by Caterina Loriggio, UEFA Women’s EURO Arts and Heritage Lead
The UK Web Archive has been collaborating with the UEFA Women’s EURO 2022 Arts and Heritage Programme to develop the UEFA Women's Euro England 2022 web archive collection. In this guest blog post, we hear about the wider arts and heritage programme around the tournament from Caterina Loriggio.
The UEFA Women’s EURO 2022 arts and heritage programme was designed to promote community engagement, develop cultural leadership, support health and wellbeing, reinforce civic pride and to support local economies post-pandemic. Host City partners (Rotherham, Sheffield, Trafford, Wigan, Manchester, Milton Keynes, Brent, Hounslow, Brighton, and Southampton) were all keen to amplify the opportunity the tournament provided to engage and inspire their residents and visitors.
The £3m programme was supported by National Lottery players through Arts Council England and National Lottery Heritage Fund grants and through funding from the Host Cities. It included four arts commissions, eight museum/archive exhibitions, eight outdoor exhibitions, heritage outreach and education programmes, 45 memory films and new online content covering the history of the women’s game. The project also researched for the first time the full line-up of all the women who have played for England over the past 50 years. Many of those women will be honoured at Wembley Stadium on October 7th in front of a sell-out crowd when they will take a lap of honour during half time in the England USA match.
It was the first time The FA had ever delivered a cultural programme. A key priority for The FA is to establish female role models for both girls and boys. When Host City partners requested a cultural programme to support the tournament the Association saw that this could be a great opportunity to further fulfil this objective. It was also clear that partnering with cultural organisations in Hosts Cities, and national institutions such as the UK Web Archive and British Library would also be a great way to promote the UK’s cultural sector and would be a very effective tool to capture, for the first time on a national scale, the hidden history of women’s football.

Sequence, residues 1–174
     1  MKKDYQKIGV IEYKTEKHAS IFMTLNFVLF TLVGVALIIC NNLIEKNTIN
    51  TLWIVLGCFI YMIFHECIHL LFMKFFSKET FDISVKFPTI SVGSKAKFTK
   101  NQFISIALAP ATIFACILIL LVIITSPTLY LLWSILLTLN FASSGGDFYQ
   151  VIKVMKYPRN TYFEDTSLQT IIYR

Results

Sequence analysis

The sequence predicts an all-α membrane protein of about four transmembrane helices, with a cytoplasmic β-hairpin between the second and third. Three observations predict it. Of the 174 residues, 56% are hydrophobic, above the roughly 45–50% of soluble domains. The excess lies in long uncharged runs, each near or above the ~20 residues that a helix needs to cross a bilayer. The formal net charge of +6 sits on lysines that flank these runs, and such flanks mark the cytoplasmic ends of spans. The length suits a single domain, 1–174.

Prior to writing funding applications, I led, with the support of the Football Supporters’ Association, four online fan consultations to ensure the programme spoke to the wants of women’s football fans. We also commissioned the organisation ‘64 Million Artists’ to lead half-term virtual workshops for young people aged 12 – 18 in Host Cities (many of whom played football). The fans and young people’s feedback was shared with artists, archivists and curators and was clearly reflected in all elements of the programme. The fans were clear that they could ‘never get enough history’.
Archives and contemporary collecting played an important part in the heritage programme. It was apparent many stories of women’s football (fans as well as players) had been lost already and that women who had played during the ban (1921-1970) were of an age that if we did not collect their stories now, then there was a real risk that they might never be captured. As well as collecting physical objects for museums and archives like caps, pennants, and programmes, there was a significant degree of online archiving. Many of the Host Cities created online exhibitions, hosted films, and imagery on digital archive platforms and digitally captured objects which retired footballers were happy to loan but not donate. Nationally we made 36 memory films live on The FA website. These will be moved to EnglandFootball.com in time for the 50th Anniversary of the Lionesses in November, plus there will be some new content made especially for the anniversary. We were greatly supported in our programme by The National Football Museum and Getty Images who gave us access to their photography archives, which greatly enriched all our work. We also sought to create content for the future by commissioning Getty photographers and by running fan and young people’s photography campaigns to capture the atmosphere of match day and the fan experience beyond the pitch. Some of these images will be shared in an online Getty Images Gallery to be launched in November.
It is hoped that the learnings from this programme will help to secure cultural content in future UK bids for major sporting events. I hope that archiving and collecting will remain important components in all these future projects.
This is the ninth blog post published so far about the women’s Euros, the others can be found on the UK Web Archive blog under the 'sports' tag.
There is still an active call for nominations for the UEFA Women's Euro England 2022 web archive collection. Anyone can suggest UK published websites to be included in the archive by filling in our nomination form.